Winning double - research project on combinatorial cancer immunotherapy supported by Cancer Foundation

2018 - 11 - 20

The Luxembourg Cancer Foundatioun “Fondation Cancer” finances a project of the Laboratory of Experimental Cancer Research at LIH’s Department of Oncology that will investigate a combinatorial immunotherapy strategy in the context of highly aggressive metastatic breast cancer.

On 7th November 2018, Dr Carlo Bock, President of the Cancer Foundation, and Lucienne Thommes, Director, presented a cheque of 62,000 Euros to Dr Guy Berchem and Dr Bassam Janji, Head and Associate Head of the Laboratory of Experimental Cancer Research, respectively, in the presence of Dr Frank Glod, Chief of Scientific Operations of LIH. This financial support will allow to carry out the project entitled “CD47 and PD-1 blockade: a new cutting edge combinatorial approach to simultaneously stimulate macrophages and re-activate T cell-mediated destruction of highly aggressive metastatic breast tumours.

The use of immune checkpoint blockade (ICB)-based cancer immunotherapy is considered a therapeutic revolution. However, despite the exciting and encouraging clinical responses, the majority of ICB treated patients have partial objective responses. The therapy is still in its infancy for breast cancer. Recently, in collaboration with the Gustave Roussy Cancer Centre in Villejuif, France, Dr Janji’s team reported that highly invasive breast cancer cells undergoing epithelial to mesenchymal transition escape both innate and adaptive immune surveillance and killing due to enhanced display of the immune check point ligands CD47 and PD-L1 on their surface.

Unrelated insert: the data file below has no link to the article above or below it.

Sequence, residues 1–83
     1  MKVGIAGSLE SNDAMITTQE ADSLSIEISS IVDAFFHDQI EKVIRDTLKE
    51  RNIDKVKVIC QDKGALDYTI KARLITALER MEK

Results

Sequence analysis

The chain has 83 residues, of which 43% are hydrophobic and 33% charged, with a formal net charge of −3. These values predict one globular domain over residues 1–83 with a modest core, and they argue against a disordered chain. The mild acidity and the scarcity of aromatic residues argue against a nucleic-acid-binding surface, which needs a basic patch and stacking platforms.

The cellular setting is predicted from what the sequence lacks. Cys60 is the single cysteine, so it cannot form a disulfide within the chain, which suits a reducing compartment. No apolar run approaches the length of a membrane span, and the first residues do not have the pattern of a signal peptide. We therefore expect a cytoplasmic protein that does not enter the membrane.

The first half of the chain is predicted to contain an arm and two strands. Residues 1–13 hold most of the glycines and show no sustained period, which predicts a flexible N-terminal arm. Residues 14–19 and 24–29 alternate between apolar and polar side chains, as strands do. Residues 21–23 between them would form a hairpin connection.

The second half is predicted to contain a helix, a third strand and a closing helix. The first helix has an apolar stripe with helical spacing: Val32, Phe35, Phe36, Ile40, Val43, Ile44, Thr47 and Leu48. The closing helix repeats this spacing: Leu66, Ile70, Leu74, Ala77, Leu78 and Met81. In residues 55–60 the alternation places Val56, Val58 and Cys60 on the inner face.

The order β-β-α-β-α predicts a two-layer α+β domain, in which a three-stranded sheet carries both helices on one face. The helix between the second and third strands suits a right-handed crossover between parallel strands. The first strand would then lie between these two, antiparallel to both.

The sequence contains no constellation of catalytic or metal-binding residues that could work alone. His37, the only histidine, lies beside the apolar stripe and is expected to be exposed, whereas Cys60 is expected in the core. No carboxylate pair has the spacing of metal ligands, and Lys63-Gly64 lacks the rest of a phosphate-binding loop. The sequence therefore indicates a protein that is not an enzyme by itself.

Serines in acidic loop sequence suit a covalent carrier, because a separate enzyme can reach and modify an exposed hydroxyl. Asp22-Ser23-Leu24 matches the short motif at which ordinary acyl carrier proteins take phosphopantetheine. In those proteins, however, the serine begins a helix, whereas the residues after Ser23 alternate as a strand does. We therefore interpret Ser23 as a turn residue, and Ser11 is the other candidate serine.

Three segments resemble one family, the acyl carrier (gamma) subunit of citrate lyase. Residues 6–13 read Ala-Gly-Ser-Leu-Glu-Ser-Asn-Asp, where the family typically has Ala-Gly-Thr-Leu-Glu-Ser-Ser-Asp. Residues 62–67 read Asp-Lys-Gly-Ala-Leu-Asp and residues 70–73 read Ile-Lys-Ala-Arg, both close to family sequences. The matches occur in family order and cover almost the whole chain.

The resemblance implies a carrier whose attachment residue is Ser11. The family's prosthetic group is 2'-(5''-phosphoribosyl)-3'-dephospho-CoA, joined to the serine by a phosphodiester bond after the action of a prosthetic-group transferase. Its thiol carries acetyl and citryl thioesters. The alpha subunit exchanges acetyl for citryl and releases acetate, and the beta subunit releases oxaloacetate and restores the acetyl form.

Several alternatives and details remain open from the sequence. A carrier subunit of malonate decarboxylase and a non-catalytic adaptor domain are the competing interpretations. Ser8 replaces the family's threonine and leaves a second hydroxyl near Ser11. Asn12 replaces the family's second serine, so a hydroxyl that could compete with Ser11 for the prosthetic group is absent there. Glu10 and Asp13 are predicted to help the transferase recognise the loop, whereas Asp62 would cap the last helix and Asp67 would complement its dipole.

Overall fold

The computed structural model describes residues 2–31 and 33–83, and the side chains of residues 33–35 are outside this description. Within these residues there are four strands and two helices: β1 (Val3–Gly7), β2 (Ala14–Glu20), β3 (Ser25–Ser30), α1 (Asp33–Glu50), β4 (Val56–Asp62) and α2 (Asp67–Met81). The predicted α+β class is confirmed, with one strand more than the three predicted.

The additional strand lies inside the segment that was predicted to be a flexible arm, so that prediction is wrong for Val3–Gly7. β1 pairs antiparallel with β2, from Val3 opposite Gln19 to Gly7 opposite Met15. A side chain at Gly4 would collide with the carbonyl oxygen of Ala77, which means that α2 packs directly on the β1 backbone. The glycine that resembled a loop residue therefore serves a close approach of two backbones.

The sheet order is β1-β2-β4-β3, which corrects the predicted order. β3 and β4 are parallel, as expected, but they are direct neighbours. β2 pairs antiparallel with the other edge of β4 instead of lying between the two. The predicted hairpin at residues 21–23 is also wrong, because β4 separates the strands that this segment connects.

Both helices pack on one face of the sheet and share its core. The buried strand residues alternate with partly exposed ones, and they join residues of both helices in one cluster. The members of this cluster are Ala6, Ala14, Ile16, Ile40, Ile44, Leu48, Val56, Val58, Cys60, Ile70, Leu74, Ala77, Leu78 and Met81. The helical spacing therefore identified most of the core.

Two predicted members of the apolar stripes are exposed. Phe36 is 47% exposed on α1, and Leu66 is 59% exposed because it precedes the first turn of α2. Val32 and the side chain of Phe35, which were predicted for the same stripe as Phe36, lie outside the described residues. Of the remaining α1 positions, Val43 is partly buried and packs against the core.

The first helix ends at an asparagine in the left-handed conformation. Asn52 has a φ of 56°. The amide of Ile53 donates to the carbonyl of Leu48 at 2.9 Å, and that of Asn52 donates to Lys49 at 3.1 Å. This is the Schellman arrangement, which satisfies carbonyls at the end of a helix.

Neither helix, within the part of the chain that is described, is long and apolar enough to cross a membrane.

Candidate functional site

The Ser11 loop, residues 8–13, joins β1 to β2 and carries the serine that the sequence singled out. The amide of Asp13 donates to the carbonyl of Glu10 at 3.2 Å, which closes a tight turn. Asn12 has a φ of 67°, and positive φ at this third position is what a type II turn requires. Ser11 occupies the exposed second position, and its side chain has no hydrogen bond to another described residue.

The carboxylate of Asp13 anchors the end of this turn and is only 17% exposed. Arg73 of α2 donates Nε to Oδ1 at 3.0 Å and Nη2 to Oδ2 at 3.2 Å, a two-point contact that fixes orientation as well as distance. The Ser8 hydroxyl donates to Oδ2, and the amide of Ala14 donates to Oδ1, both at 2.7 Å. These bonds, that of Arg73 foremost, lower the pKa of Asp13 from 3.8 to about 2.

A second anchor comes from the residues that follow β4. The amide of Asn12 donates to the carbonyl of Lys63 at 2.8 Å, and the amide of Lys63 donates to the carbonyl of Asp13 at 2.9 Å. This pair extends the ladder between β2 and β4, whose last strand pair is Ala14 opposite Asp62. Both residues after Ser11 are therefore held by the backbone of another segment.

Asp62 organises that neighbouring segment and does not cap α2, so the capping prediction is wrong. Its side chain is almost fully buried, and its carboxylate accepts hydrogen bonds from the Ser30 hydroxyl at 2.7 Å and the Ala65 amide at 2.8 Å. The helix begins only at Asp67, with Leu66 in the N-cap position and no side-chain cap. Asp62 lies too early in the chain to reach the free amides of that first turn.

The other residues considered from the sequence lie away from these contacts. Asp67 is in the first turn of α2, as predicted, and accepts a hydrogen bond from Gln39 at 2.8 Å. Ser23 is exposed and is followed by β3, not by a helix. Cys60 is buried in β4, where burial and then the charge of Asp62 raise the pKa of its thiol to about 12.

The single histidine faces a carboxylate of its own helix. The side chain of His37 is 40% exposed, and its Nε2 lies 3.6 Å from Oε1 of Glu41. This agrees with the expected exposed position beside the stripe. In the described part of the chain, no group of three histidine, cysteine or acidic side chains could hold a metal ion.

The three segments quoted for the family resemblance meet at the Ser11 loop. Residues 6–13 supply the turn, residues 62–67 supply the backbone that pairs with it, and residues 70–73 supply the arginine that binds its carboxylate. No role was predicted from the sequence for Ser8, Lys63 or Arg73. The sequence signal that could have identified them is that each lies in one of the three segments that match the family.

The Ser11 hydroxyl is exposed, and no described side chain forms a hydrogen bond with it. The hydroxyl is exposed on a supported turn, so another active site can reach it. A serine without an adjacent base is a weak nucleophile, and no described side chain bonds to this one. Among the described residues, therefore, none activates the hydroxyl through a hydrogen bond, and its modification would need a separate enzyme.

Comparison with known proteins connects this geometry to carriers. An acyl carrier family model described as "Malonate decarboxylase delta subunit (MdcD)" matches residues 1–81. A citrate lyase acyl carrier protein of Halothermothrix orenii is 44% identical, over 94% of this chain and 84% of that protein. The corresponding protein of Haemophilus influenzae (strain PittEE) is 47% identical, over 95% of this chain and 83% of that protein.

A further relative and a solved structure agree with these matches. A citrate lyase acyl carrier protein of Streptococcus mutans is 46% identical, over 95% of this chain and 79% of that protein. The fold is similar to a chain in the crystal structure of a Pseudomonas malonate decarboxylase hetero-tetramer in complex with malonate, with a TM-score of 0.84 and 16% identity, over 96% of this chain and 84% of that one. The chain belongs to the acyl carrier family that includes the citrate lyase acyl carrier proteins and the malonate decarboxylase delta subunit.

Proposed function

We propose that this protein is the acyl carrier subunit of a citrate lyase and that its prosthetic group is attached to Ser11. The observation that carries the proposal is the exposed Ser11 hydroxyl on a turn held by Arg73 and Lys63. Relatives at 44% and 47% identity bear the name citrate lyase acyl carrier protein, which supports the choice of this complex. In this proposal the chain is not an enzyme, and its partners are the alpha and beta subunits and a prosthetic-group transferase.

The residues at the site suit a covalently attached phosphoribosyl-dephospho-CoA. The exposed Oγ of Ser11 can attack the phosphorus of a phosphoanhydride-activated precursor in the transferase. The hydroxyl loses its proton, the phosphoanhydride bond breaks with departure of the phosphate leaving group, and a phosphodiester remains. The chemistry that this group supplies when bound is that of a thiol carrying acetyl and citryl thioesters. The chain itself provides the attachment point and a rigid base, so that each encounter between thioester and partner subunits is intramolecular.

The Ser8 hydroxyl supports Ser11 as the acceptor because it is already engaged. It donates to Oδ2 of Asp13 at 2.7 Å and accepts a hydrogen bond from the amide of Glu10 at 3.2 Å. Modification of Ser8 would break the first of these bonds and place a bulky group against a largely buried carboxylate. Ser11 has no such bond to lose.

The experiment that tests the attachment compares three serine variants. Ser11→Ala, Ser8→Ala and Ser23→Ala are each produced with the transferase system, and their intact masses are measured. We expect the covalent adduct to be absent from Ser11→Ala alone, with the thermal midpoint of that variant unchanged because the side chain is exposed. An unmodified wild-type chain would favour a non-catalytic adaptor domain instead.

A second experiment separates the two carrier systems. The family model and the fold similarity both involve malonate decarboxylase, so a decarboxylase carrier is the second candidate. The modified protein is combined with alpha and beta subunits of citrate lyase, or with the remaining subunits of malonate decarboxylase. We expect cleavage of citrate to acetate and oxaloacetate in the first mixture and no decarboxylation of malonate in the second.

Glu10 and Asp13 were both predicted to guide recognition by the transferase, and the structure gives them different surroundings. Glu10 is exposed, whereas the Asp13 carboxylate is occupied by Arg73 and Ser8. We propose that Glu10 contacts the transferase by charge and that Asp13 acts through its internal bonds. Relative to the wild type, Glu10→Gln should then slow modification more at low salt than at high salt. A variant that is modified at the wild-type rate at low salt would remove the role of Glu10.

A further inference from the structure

The present project proposes to develop a novel cutting edge preclinical immunotherapy based on the simultaneous blockade of the ligand CD47 and the immune check point PD-1, a combination hoped to be a “winning double”. Combination therapy with anti-CD47 represents a rational candidate approach to extend the clinical benefit of the CTLA-4, PD-1, or PD-L1 blockades as single agents. Such a combination will simultaneously re-activate both innate (macrophages) and adaptive (T cells) immunity and ultimately provide more frequent and long-lasting responses in breast cancer patients.

This project is in line with the objectives of National Cancer Plan that has defined cancer immunology as one of its major research axes.

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From left to right: Lucienne Thommes (Director, Cancer Foundation), Dr Frank Glod (Chief of Scientific Operations, LIH), Dr Bassam Janji, Associate Head of the Laboratory of Experimental Cancer Research, LIH) and Dr Carlo Bock (President, Cancer Foundation). Absent: Dr Guy Berchem (Head of the Laboratory of Experimental Cancer Research, LIH).

A press release is also available from the Cancer Foundation in French and German.